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Alumnus- academic collaboration yields sports research

Wednesday 29 August 2018 11:46am

Otago alumnus and Chiefs Super Rugby dietitian Dane Baker

A partnership between Otago’s Department of Human Nutrition and Otago alumnus and sports dietitian Dane Baker has yielded important collaborative opportunities.

Mr Baker, who gained a Bachelor of Science majoring in Human Nutrition in 2003 and a Postgraduate Diploma in Dietetics in 2005, is a dietitian for the Chiefs Super Rugby franchise and High Performance Sport New Zealand.

He will deliver the inaugural Sport and Exercise Nutrition Spring Public Lecture entitled “Sports Nutrition: Rugby Innovation, Research & Application” at Otago’s Dunedin campus on September 5.

After graduation Mr Baker worked clinically as a Diabetes Dietitian for the Waitemata DHB before becoming immersed in sports nutrition.

In 2008 he worked in Qatar as a sports nutrition specialist at ASPETAR, a world-leading FIFA sports medicine facility. Since returning to New Zealand in 2009 he has worked with the Chiefs rugby team, and was proud to be involved with their title-winning campaigns in 2012 and 2013. He has also helped establish an innovative research programme with Otago and Waikato Universities which drives many of the nutrition and sports medicine interventions the Chiefs team use.

He has also worked with New Zealand Swimming, NZ Men’s Hockey, Counties Rugby and New Zealand Football.

With High Performance Sport New Zealand he is currently a Senior Performance Nutritionist and the lead provider for the Black Ferns 7's Team and NZ Men’s Hockey Team.

He is also involved with numerous research projects and is a guest lecturer in Sports Nutrition at the universities of Auckland and Otago.

Dr Katherine Black, a Senior Lecturer with Otago’s Department of Human Nutrition, says work undertaken with Mr Baker has allowed her to conduct novel research and “work in an area that [she is] extremely passionate about”.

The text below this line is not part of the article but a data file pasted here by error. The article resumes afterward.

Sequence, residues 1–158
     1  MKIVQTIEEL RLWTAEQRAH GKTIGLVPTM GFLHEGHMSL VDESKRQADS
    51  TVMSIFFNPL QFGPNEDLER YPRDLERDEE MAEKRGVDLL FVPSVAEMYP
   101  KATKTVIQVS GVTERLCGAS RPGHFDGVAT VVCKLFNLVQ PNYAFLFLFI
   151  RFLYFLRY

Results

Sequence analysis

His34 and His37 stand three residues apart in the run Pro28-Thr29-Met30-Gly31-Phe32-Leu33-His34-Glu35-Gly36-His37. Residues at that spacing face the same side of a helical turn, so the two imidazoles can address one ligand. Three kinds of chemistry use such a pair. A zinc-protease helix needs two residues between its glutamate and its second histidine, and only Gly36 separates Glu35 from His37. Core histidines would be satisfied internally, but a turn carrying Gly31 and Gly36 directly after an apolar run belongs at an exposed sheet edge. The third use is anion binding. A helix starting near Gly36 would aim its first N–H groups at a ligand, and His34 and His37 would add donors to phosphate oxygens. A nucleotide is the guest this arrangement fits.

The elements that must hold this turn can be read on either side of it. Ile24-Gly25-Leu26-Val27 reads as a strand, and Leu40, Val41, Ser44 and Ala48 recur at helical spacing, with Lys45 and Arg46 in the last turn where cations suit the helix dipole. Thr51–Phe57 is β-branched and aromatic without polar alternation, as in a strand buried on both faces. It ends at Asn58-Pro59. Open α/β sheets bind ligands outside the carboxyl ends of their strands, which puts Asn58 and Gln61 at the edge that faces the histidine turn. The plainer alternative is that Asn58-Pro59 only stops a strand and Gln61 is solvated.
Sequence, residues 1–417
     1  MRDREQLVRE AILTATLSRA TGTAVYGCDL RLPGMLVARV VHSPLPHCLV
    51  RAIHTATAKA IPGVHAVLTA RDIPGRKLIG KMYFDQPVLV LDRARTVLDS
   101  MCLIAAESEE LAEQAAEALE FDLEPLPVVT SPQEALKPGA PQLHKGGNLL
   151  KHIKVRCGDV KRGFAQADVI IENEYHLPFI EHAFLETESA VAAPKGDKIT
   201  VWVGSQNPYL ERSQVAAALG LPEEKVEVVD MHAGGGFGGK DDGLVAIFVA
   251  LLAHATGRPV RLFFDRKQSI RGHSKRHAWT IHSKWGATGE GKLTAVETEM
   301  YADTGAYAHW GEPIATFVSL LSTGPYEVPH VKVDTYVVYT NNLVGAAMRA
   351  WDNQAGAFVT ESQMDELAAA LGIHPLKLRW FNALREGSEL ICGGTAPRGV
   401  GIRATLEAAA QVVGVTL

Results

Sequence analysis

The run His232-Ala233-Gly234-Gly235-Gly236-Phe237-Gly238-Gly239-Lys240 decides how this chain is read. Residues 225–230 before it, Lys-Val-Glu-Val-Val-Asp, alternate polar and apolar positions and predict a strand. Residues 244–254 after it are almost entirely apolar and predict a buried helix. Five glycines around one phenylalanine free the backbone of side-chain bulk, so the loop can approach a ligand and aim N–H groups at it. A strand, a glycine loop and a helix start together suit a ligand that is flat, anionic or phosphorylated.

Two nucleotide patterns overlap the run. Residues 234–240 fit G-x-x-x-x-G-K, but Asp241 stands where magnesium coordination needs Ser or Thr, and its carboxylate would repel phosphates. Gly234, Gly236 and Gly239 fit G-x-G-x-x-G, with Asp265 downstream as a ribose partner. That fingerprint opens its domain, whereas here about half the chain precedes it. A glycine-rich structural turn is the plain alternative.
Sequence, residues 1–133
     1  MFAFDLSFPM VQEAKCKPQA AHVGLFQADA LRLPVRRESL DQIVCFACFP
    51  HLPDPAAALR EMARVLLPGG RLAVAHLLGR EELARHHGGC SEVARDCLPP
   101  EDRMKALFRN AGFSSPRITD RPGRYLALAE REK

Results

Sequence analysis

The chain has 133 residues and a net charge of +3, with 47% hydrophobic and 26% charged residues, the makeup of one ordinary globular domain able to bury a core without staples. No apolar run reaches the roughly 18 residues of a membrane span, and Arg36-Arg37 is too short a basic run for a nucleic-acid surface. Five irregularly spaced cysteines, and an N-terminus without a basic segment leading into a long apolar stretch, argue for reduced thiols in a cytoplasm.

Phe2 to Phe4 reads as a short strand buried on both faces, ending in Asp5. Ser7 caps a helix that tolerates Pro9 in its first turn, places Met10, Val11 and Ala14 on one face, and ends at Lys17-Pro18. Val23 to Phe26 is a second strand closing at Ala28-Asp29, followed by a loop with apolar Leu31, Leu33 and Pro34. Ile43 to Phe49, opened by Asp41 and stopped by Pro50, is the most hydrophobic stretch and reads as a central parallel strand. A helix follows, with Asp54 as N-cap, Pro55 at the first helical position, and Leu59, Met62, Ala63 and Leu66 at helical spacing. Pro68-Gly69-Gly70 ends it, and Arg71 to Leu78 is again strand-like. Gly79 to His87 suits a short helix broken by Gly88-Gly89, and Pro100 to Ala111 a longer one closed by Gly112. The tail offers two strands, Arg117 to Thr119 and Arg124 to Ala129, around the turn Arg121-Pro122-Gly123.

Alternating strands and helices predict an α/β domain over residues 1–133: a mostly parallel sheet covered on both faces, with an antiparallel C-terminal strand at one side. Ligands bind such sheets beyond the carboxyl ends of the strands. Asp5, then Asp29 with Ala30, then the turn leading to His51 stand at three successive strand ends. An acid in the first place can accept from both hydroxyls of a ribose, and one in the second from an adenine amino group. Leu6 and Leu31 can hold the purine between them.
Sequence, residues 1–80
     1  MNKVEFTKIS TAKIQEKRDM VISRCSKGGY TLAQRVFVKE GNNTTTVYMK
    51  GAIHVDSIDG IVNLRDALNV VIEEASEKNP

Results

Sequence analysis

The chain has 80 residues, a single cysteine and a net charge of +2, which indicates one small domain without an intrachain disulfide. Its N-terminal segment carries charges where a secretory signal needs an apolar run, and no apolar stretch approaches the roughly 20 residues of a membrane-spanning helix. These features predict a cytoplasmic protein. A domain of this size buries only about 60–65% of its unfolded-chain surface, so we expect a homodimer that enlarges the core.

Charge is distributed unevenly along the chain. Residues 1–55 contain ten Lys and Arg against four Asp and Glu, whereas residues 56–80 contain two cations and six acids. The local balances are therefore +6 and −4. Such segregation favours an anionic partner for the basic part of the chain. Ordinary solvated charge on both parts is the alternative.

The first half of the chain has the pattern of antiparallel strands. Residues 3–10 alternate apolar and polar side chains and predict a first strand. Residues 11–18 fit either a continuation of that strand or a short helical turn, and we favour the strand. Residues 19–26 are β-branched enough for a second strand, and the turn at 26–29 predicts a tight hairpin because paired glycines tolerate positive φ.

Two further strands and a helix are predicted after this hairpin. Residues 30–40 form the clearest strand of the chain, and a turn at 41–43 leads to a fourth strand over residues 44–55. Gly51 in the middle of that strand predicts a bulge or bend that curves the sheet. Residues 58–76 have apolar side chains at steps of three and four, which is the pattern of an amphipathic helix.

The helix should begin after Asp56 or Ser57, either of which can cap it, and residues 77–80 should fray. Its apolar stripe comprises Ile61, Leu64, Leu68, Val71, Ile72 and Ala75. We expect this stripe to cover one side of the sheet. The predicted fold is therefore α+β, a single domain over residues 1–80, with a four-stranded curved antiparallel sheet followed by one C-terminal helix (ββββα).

Katherine Black image
Dr Katherine Black

The collaboration has also benefitted the Department in numerous ways, and more than 15 postgraduate students have worked on research projects that he has been involved with; findings from these have been incorporated into the Department’s undergraduate papers.

“Dane and I have eight peer-reviewed publications, including a review on the macronutrient needs of athletes. Working with Dane and the Chiefs allows our research to have impact on policies and protocols – and the research and findings have also led to a number of international collaborations,” Dr Black says.

Lectures such as the inaugural spring talk, which is supported by the University of Otago Continuing Education Fund, and wider engagement is a positive for both academics and the public, she says.

“It’s really good practice to spread the work we have done beyond scientific journals. The Department really enjoys engaging with the community because it feeds back into issues we may research in future.”

“Manipulating dietary intakes to improve performance and or health is not only useful for Super Rugby players but also for weekend warriors. Some of our research has shown that nutrition knowledge was one of the main things elite rugby players wished they had known at a younger age so maybe we can lay some good nutrition principles in any aspiring rugby stars that attend.”

She also hopes engagement will lead to greater numbers of young people who are interested in sports or science – or both – seeing that the intersection of science and professional sports nutrition creates exciting career opportunities.

“When I was at school a talk by the local teams’ scientist highlighted a career pathway I had never considered before, and this has led to some really rewarding research in the field.”

Dane will delivers the Inaugural Sport and Exercise Nutrition Spring Public Lecture
“Sports Nutrition: Rugby Innovation, Research & Application”
Wednesday 5 September
6pm – 7pm
Archway 2, University of Otago